It's the most wonderful time of the reading year, when the lists of favorite books appear. They remind me of authors I haven't met yet, and books that I want to read. I still have about 30 hours before the TBR Dare kicks in - so plenty of time to reserve or order a few more.
As always, I can't resist compiling my own list. In fact, I started it last week, and I've been mulling it over since then. Here are my favorite books of 2015, generally in the order in which I read them:
Live Alone and Like It, by Marjorie Hillis. Snappy and snarky, this "Classic Guide for the Single Woman" of 1936 is full of practical advice, some of it still applicable 79 years later. I also enjoyed her second book, Bubbly on Your Budget, from 1937.
The Nile, by Toby Wilkinson. I loved this mix of history, archaeology, and travelogue, as the author traced the Nile from its sources to the Delta.
Century of Struggle, by Eleanor Flexner. Another classic, this time a history of the women's rights movement in the United States, first published in 1959.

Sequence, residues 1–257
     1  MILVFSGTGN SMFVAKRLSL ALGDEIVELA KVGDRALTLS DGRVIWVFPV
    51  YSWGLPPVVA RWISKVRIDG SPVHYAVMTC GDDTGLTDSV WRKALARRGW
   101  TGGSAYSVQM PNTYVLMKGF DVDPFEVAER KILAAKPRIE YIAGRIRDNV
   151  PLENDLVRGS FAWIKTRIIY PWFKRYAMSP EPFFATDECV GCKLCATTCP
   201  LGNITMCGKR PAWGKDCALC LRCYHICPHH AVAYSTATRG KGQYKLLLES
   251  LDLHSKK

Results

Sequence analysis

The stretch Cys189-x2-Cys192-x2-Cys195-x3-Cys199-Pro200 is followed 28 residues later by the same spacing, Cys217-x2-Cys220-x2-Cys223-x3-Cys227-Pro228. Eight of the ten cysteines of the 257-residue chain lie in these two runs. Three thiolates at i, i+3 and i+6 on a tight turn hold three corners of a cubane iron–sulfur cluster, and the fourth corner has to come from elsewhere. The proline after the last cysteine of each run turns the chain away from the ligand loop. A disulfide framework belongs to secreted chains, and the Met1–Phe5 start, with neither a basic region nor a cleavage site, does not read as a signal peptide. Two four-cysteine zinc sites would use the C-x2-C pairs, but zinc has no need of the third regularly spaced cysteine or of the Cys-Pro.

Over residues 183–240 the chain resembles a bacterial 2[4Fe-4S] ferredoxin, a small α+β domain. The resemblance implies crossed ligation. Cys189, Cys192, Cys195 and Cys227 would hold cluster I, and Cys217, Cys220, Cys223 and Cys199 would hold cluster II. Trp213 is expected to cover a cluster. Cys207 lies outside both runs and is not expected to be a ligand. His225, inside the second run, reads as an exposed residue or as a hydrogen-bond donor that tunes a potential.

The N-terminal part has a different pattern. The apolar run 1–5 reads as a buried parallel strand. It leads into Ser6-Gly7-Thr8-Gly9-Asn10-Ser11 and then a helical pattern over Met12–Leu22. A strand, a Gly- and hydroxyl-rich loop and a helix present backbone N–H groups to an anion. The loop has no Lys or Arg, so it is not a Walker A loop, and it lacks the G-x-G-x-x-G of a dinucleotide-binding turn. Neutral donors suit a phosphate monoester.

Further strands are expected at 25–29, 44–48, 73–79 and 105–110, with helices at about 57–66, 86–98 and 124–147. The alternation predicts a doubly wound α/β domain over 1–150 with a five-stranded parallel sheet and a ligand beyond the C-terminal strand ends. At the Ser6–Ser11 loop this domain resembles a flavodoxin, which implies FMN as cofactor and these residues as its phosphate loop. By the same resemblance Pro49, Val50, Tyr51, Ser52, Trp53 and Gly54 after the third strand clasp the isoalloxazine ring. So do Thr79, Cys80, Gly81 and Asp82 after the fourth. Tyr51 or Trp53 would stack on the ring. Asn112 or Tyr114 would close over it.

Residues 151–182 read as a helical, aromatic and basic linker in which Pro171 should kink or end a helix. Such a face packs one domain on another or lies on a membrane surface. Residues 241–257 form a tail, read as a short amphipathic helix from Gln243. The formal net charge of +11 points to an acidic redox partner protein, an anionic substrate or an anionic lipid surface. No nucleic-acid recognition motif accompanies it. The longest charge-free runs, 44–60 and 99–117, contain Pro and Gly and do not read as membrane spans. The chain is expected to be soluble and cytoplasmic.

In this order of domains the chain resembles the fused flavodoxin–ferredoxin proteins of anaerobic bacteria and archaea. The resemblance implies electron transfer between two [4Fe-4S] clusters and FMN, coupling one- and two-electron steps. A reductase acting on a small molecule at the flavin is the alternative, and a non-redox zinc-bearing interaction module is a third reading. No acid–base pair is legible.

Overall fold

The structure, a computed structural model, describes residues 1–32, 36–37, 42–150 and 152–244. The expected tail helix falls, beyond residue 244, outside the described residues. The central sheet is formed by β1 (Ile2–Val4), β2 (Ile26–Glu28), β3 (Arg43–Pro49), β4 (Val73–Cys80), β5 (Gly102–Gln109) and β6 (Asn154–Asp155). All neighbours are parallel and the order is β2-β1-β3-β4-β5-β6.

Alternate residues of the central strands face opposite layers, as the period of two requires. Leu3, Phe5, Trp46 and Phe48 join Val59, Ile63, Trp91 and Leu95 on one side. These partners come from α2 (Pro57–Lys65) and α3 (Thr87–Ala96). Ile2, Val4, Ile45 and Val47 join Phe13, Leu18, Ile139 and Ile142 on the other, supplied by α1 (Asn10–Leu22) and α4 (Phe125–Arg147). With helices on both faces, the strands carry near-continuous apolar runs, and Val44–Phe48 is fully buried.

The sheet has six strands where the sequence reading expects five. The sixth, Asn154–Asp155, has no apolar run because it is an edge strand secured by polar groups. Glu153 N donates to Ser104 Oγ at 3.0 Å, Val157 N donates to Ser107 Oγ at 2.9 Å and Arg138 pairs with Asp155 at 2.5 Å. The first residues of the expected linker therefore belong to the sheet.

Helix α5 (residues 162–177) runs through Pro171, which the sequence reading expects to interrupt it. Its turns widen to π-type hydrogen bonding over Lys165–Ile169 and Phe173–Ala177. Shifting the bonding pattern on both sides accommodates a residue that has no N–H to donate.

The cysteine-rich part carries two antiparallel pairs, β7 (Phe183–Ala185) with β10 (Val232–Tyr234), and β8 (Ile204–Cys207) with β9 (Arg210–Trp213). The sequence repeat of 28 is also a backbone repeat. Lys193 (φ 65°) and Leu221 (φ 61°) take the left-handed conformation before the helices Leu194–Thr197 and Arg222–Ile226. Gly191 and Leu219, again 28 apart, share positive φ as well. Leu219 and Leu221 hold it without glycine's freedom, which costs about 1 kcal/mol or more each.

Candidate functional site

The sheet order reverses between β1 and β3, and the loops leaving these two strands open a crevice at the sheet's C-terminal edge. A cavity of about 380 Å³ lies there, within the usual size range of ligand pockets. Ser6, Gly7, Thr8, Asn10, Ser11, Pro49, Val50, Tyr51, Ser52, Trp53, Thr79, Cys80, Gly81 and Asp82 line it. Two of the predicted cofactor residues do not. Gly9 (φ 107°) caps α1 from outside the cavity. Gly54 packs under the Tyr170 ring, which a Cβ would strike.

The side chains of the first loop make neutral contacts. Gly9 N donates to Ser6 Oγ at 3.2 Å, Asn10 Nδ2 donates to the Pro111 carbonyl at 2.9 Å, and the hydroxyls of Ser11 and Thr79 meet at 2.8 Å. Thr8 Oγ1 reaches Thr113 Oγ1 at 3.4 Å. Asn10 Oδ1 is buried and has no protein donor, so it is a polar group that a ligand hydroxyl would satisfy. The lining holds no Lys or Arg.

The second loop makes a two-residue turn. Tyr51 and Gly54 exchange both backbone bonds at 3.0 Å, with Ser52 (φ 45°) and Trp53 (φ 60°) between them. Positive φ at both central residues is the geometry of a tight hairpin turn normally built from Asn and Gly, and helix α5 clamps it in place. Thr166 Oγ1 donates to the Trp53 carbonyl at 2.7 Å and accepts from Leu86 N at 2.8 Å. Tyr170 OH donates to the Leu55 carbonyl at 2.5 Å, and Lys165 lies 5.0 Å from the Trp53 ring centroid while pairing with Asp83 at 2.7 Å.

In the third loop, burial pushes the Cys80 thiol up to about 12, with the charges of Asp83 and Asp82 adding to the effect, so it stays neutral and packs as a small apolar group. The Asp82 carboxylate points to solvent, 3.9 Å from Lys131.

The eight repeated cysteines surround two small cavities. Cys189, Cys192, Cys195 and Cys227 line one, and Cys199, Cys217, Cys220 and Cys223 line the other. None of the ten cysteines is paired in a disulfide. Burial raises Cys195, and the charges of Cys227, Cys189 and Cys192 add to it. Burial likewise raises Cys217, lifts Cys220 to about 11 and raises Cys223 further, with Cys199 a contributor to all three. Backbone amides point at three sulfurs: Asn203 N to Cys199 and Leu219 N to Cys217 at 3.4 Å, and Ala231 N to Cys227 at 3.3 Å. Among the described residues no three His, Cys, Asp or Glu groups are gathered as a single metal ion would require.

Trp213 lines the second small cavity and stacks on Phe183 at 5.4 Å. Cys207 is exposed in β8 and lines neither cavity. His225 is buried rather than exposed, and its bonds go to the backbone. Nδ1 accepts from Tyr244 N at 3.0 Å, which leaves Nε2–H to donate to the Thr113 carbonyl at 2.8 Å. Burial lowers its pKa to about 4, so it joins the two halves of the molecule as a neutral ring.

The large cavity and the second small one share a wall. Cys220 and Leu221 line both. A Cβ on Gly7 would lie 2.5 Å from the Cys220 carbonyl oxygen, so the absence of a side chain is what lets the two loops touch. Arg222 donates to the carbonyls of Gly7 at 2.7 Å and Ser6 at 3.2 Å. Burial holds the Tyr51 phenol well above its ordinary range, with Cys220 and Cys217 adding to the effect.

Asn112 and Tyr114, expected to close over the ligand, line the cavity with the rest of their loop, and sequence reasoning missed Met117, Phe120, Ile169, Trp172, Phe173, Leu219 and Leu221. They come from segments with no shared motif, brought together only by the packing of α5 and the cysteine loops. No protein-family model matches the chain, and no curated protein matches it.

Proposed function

A Humble Enterprise, by Ada Cambridge. I collect stories set in tea shops, and this 1898 novel about a family struggling to support themselves after their father's tragic death is charming. Sadly, the recipe for the scones that draw the Melbourne crowds is not included.
There Was and There Was Not, by Meline Toumani. An exploration of the Armenian diaspora and the continuing influence of the early 20th-century genocide in Turkey. It is also an account of the time the author spent living in Turkey, to research the book. I learned so much about Armenia and Turkey and the genocide itself from this.
The Turning Season, by Sharon Shinn. I thought this story about shape-shifters was very clever and original (not that I've read that many stories about shifters). It is the third in a series, of which I enjoyed the first (The Shape of Desire) much more than the second (Still Life with Shape-Shifter).
Pioneer Girl, by Laura Ingalls Wilder (Pamela Hill, ed). I thought my copy of Wilder's autobiography was never going to arrive. It was absolutely worth the wait. I was reading parts of The Long Winter the other night (as I frequently do), and remembering how excited I was to see a picture of Mrs. Boast.